Zeno For Everyone: I'm a Person Too
By Nirmala Singh
At Zeno, ensuring all employees have a sense of belonging is essential to our diversity, equity and inclusion. In this new content series “Zeno for Everyone,” we’ll share personal stories from Zenoids and learn about how different backgrounds and histories shape perspectives and enrich our experiences. #ZenoForEveryone
Maya Angelou once said, "People will forget what you said. People will forget what you did. But people will never forget how you made them feel." As a POC, I think about this quote often because of how people make me feel due to the color of my skin. And this feeling travels with you everywhere – the grocery store, the airport, a restaurant and even in your own neighborhood. Why do people of color have to be treated differently? Aren't we all the same? Aren't we just as human as everyone else?
"Go back to your country," is a phrase that every brown person has grown up hearing. From the first time you hear it to the most recent time you hear it, it makes you feel the same exact way: anger, hurt and discomfort. You keep thinking when will it change? When does it get better? When will people see you as a person?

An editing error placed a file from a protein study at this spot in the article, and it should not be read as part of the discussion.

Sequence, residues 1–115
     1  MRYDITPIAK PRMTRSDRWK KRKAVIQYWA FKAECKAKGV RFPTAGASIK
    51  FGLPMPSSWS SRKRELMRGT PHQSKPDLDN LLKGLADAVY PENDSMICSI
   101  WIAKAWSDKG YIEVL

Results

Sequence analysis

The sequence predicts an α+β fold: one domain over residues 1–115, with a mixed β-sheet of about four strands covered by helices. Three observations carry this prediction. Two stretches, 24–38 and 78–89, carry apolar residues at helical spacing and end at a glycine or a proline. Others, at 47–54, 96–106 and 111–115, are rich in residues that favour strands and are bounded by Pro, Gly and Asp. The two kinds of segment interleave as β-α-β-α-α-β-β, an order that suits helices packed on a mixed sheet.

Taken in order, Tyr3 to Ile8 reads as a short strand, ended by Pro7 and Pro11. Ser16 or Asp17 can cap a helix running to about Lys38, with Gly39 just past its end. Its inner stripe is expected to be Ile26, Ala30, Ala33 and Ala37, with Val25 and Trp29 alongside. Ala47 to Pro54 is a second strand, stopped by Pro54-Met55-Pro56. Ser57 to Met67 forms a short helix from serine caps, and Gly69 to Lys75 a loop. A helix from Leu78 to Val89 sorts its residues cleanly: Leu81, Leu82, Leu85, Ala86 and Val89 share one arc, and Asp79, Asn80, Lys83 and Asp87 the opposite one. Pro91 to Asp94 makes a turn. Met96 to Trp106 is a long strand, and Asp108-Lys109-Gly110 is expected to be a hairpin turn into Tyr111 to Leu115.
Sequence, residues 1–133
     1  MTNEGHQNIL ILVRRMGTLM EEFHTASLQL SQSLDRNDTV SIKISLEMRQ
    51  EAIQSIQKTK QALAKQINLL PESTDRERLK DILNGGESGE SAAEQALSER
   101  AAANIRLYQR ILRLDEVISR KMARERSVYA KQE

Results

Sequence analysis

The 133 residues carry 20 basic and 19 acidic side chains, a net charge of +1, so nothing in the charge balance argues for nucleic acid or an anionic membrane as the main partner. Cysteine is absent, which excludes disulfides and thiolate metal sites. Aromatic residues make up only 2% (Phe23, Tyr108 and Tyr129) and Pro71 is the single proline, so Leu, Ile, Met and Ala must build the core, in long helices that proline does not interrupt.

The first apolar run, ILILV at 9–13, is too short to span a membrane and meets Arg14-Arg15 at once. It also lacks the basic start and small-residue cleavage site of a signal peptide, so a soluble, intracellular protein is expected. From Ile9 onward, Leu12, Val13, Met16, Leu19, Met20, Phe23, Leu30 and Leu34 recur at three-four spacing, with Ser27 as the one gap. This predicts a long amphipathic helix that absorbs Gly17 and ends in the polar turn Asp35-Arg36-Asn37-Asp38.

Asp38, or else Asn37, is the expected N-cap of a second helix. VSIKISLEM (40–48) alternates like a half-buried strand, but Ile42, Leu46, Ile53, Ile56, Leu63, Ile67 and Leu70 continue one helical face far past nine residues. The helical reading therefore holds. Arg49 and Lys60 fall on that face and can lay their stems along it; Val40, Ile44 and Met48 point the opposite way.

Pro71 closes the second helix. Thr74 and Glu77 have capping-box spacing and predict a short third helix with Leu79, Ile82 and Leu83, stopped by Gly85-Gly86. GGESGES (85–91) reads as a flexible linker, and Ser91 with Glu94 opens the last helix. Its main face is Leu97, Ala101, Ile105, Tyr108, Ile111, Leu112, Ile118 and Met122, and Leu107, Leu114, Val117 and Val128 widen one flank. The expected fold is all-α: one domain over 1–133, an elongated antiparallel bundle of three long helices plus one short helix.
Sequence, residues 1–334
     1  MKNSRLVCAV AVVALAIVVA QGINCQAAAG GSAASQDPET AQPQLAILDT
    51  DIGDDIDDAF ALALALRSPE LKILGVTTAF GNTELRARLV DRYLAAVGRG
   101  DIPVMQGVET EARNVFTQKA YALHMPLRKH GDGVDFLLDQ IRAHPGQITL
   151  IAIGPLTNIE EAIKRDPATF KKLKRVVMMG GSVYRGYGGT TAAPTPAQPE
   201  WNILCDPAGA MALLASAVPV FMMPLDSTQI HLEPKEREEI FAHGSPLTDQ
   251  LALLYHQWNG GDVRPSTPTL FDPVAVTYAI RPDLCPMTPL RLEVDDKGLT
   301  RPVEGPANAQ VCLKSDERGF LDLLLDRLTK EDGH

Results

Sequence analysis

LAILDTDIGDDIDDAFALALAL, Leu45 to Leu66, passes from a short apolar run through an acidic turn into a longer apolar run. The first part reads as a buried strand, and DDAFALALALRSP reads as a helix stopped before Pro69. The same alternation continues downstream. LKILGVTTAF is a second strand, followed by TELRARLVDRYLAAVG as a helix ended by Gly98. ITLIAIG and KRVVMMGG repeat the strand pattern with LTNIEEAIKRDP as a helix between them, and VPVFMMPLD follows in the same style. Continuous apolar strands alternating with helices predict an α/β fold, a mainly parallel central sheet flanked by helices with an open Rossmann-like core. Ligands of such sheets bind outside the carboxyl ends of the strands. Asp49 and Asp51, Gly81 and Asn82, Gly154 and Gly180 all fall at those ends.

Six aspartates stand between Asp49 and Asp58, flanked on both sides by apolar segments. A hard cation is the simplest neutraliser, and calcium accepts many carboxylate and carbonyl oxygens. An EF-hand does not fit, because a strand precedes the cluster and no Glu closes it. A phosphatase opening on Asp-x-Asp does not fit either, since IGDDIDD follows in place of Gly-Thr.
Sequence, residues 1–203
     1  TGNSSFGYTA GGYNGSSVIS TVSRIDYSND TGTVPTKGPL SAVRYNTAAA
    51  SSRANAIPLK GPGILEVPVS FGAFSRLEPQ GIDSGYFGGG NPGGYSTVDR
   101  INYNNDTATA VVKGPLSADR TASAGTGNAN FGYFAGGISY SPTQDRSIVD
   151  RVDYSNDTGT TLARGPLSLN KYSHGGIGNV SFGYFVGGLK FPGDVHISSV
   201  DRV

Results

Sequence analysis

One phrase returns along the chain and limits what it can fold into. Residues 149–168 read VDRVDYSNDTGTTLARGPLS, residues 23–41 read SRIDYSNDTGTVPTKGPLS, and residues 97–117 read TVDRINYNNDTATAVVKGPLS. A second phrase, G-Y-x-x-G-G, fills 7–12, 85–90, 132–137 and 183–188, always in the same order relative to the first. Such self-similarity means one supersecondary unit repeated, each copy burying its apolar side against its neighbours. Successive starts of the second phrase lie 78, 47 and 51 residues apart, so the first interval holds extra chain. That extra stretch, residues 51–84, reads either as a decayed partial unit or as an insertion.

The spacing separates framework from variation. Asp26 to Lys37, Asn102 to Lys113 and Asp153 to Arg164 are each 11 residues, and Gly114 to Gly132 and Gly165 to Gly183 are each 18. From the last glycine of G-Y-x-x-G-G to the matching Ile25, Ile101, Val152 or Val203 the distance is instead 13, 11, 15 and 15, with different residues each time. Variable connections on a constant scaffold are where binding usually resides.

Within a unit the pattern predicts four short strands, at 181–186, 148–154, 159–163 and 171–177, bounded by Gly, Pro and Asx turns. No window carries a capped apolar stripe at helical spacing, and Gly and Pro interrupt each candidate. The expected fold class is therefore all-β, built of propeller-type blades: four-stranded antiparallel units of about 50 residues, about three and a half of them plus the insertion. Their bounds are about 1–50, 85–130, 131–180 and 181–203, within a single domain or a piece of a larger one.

When I started interviewing for public relations jobs five years ago, not one person of color interviewed me. Every interview I came home from I thought, is this the right career for me? Why did I think this was a good idea? Am I not getting the job because I'm not the 'typical' PR fit? Then, I opened the doors to a fearless agency – Zeno Group. I'm forever grateful for the two powerful women who interviewed me that day, because if it weren't for their confidence in me as a person, then there wouldn't be a "Nirmala" at Zeno.
Zeno from day one has made me feel like a person and one who matters. One who comes with perspective, creativity, connection, truth, and impact.
Zeno has given me the opportunity to grow, explore and educate. Over the years, I've had the chance to learn from smart and strategic leaders and adapted to my own mentoring techniques pinpointed in how I make people feel. Did I create a safe and open environment for you to ask questions? Did I equip you with all the tools you need to succeed? Did I train you to the best of my ability? All of these teaching methods are skills that I share with interns and junior level staff that join Zeno. Zeno is already an open and collaborative agency and to maintain that, we continue to bring in those who see everyone as a person.
With America's 2020 rally for change, Zeno is evolving too. We've taken new steps in mandating implicit training and removing identifying information from resumes to ensure hiring teams focus on skills and experience to find the best candidate for our needs. We've also started hosting more career fairs at diverse universities nationwide and I've had the opportunity to join those throughout the year, sharing my experience as BIPOC. Moving forward, Zeno is also observing Juneteenth to celebrate the end of slavery in the United States. As I mentioned, we're evolving, and this isn't where our book ends. We still have a far way to go, but these are all steps toward a newer path that will help to make this industry even more powerful in what we do best, communicate.
Now, the decision is on you. How will you make people feel? Are they a person in your eyes?